In New York Harbor, the Statue of Liberty raises her torch welcoming immigrants to the “Land of the Free and Home of the Brave.” But there’s a catch. Straying too far from “American values” can get you catapulted back. Such was the fate of activist Eve Adams in 1925.

Village Preservation is a foundation in New York City that works to “document, celebrate, and preserve the special architectural and cultural heritage of Greenwich Village, the East Village, and NoHo.” One of their cultural heritage sites is an inauspicious basement coffee house called “Eve’s Hangout.” They, in cooperation with the Museum of Jewish Heritage, co-hosted a book panel over Zoom with biographer Jonathan Ned Katz, author of The Daring Life and Dangerous Times of Eve Adams.

Eve Adams was a Jewish woman who migrated from Poland to America in 1912. She befriended Emma Goldman and other radical leftists speaking up for the rights of the underclasses living in squalid tenements and toiling in sweatshops. Her activism and associations attracted the scrutiny of J. Edgar Hoover and the Bureau of Investigation (later called the FBI). The agent that trailed Adams described her derisively as “unattractive,” “mannish,” and “Jewish in appearance.”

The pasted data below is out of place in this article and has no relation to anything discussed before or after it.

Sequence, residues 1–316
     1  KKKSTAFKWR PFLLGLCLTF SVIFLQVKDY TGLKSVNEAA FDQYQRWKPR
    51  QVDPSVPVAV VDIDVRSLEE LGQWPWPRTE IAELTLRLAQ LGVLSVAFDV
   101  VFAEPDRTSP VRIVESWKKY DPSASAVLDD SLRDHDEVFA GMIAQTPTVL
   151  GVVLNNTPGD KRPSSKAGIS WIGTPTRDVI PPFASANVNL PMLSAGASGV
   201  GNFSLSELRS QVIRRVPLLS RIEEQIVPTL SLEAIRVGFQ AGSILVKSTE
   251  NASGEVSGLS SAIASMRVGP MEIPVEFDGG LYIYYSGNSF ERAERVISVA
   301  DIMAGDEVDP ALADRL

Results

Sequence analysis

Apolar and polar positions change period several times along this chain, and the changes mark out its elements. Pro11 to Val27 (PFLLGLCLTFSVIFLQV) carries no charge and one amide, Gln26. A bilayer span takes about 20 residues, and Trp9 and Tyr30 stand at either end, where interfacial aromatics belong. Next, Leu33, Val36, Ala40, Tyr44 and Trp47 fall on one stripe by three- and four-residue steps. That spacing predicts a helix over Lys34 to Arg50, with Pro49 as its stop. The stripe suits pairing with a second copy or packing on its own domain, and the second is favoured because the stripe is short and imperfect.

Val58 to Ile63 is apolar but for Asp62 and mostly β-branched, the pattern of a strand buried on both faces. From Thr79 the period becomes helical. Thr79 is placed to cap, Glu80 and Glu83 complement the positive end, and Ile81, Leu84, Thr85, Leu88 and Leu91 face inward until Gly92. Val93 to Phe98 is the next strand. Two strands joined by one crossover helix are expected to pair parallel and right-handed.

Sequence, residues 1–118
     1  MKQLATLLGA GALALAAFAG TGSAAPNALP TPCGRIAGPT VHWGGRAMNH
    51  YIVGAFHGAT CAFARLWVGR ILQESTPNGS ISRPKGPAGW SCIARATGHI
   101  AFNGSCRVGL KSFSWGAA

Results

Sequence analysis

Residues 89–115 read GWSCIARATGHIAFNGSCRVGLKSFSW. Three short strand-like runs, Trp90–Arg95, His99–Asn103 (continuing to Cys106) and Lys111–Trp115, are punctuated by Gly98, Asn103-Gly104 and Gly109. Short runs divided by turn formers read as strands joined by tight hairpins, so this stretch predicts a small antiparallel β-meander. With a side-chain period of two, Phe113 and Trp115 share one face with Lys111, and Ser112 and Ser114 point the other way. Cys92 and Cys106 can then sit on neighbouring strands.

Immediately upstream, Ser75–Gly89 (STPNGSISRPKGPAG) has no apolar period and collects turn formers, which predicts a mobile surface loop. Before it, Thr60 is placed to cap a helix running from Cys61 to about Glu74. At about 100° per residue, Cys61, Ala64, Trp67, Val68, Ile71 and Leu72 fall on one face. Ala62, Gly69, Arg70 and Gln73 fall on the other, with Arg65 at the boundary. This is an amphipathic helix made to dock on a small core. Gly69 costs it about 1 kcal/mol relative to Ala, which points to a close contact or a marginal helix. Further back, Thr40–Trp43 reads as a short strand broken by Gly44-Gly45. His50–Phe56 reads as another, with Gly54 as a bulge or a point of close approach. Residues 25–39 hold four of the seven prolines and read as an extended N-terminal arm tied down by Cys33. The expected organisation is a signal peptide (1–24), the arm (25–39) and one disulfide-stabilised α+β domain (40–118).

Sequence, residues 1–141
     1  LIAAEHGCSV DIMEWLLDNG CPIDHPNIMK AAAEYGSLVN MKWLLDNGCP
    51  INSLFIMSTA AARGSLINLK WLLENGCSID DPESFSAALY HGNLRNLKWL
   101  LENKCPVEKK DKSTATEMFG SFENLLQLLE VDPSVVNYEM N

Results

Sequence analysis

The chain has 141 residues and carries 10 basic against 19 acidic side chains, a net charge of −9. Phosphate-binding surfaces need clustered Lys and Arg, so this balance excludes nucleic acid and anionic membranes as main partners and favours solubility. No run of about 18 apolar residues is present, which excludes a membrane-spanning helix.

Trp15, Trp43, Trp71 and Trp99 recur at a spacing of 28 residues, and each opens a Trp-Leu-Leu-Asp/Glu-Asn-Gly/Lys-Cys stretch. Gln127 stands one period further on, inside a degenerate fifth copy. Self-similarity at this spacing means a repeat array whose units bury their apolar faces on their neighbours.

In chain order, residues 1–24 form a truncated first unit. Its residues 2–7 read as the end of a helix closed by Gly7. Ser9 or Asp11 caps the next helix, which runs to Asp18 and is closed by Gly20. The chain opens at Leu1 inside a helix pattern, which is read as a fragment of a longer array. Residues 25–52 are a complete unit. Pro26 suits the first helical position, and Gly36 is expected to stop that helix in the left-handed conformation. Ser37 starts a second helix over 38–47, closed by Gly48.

There were no gay bars proudly sporting rainbow flags in the 1920s. Staying just under the radar of wider society was often a matter of life and death. Eve Adams opened a little basement coffee shop in the Village called “Eve’s Hangout” where she sold coffee, hosted poetry readings, and bummed cigarettes from her patrons. But most importantly, Eve’s hangout was a safe space for same-sex couples to let their guard down and be themselves.

In 1925, Eve Adams published a book titled Lesbian Love portraying the true stories of women in relationships with each other with a few original drawings. The pictures and stories themselves aren’t that erotic even by the standards of the day. Her crime was pulling back the curtain on this secret, hidden world. Adams’ political activism made her a choice target. Her status as both a lesbian and a foreign, Jewish immigrant made her vulnerable. Katz documents evidence of a conspiracy between the Bureau, local police and Immigration to target Adams. She was brought up on charges of trafficking “indecent” literature and sentenced to deportation.

Adams and her partner were living in Paris when the Nazis invaded in 1940. She was rounded up, crammed into a cattle car, and shipped to Auschwitz, where she was murdered.

On the last page, the author draws parallels between Adams’ time and ours with the rise of nationalism and petty dictators. Across the divide, Katz imagines Eve Adams waving her arms and shouting to us, “Don’t mourn. Organize!”

Republished from San Diego Jewish World